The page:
Mercan1 - ISS 225: Mercan1 January 26, 2005, p.1...

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ISS 225: Mercan1 January 26, 2005, p.1 Mercantilism in France in the 1600s and 1700s Autocratic Institutions and Management of the Economy 1 In this current section of the course, we are addressing the question: 2 Does dictatorship lead to socialism (or at least extensive government control and regulation of the economy)? 3 France and England had quite different political systems in the 1600s and 1700s. 4 The French kings were quite powerful, compared to the English kings, and it appears that they used their power to control the economy in ways which benefitted them and their monarchies. 5 In contrast, the English kings were substantially less powerful, and for a variety of reasons they were less able to manipulate the economy for their own purposes. 6 One possible consequence of the differences between the two political systems was that their economic systems performed quite differently. 7 In particular, key sectors of the English economy grew much more rapidly than key sectors of the French economy. 8 Indeed, it can be argued that one reason why the Industrial Revolution occurred first in England, and only much later in France, was due, ironically, to the decentralized character of the English political system. 9 In effect, then, one could argue that the development of autocracy (the absolutist monarchy) in France led to the development of extensive government regulation , whereas the development of democracy lead to the development of capitalism , at least in England. 10 This section of the course has a subsidiary theme as well. 11 My subsidiary purpose is to illustrate how individuals in and out of government used government power for their own personal ends. 12 In the past 30 years, there has developed a school of thought in economics and political science -- sometimes referred to as “the public choice approach” -- which seeks to explain government economic policies from this perspective. 13 In a sense, I could be accused of teaching you a somewhat cynical view of government. 14 For any particular kind of political institution that we examine, I will always be asking: “How could people in and out of this institution twist its purposes to their own personal benefit?” What was the economic management policy of the French kings in the 1600s and 1700s? 15 Traditional answer: mercantilism 16 Traditional description of mercantilism: 17 A set of international trade policies designed to accumulate wealth for the nation in the form of gold and silver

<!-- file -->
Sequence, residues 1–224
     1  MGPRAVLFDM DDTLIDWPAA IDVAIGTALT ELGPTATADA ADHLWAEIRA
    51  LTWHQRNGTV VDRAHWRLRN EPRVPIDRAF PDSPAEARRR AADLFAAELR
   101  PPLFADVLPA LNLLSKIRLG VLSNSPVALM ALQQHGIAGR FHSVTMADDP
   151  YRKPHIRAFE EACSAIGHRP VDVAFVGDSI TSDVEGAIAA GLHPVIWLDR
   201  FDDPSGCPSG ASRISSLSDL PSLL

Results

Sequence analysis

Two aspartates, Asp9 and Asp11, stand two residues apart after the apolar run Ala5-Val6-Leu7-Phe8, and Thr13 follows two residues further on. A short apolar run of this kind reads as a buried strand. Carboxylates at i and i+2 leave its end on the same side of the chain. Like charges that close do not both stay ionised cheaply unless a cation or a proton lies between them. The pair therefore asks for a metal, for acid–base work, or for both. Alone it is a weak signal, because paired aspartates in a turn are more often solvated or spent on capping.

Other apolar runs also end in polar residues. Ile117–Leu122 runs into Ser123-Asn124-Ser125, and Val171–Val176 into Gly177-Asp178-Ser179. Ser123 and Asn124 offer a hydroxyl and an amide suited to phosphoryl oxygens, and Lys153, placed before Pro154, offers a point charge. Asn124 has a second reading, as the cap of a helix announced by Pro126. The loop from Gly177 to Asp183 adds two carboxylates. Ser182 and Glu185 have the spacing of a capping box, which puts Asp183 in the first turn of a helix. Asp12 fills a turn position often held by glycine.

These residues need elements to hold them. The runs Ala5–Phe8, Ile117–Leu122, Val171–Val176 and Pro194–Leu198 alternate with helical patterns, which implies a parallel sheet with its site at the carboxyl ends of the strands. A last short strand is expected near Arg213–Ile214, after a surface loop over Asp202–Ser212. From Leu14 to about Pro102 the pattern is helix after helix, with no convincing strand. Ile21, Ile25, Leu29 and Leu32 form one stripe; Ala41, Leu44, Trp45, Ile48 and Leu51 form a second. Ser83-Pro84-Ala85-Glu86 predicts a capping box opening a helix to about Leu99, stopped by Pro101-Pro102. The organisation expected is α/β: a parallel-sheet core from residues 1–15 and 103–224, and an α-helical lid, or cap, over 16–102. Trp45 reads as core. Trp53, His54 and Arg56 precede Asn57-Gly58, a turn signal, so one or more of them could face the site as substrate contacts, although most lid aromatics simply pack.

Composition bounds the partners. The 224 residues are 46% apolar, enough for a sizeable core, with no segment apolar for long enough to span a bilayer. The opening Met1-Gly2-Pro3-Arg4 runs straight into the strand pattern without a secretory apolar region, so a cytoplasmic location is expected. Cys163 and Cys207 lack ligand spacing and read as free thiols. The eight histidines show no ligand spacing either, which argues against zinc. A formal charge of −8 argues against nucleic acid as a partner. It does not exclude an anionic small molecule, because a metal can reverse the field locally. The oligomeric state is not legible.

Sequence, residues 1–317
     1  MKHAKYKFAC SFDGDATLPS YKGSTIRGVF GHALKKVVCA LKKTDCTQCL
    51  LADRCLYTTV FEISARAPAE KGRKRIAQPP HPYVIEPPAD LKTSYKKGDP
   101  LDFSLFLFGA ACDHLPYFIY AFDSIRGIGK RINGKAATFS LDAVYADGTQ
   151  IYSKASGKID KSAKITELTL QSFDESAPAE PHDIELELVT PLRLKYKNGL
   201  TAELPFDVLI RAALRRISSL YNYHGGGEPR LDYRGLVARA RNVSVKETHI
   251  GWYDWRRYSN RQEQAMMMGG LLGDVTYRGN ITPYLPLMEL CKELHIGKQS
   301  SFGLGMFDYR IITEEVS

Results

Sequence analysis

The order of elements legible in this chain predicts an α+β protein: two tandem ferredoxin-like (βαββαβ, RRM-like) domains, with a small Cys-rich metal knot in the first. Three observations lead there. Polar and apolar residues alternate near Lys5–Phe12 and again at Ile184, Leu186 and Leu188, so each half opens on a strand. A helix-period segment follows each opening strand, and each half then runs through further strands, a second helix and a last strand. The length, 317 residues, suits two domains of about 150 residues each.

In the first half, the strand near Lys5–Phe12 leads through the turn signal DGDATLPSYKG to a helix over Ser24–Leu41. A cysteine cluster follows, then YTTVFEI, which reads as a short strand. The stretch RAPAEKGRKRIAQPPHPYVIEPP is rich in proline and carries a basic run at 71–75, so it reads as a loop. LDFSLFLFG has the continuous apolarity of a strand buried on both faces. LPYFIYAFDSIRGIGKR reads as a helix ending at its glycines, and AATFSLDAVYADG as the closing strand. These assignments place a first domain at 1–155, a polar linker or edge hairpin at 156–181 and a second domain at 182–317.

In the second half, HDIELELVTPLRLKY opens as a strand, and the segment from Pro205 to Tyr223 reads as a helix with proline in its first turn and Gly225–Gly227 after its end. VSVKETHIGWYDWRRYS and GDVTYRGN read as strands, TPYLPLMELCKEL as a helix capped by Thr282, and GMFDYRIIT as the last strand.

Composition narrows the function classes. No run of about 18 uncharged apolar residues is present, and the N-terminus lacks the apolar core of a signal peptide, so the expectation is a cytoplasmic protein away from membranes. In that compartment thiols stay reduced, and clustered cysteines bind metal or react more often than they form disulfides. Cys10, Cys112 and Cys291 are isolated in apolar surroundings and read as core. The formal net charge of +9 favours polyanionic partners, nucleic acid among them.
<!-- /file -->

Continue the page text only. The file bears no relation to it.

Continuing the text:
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ISS 225: Mercan1 August 21, 2003, p.2 18 A set of internal economic management policies designed to strengthen the power of the central government--the state. 19 Much of traditional economic history involving the study of mercantilism in Britain, France, and the countries of northern Europe has been conducted in terms of how national leaders pursued these national goals. 20
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This note was uploaded on 04/09/2008 for the course ISS 225 taught by Professor Williams during the Spring '07 term at Michigan State University.

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Mercan1 - ISS 225: Mercan1 January 26, 2005, p.1...

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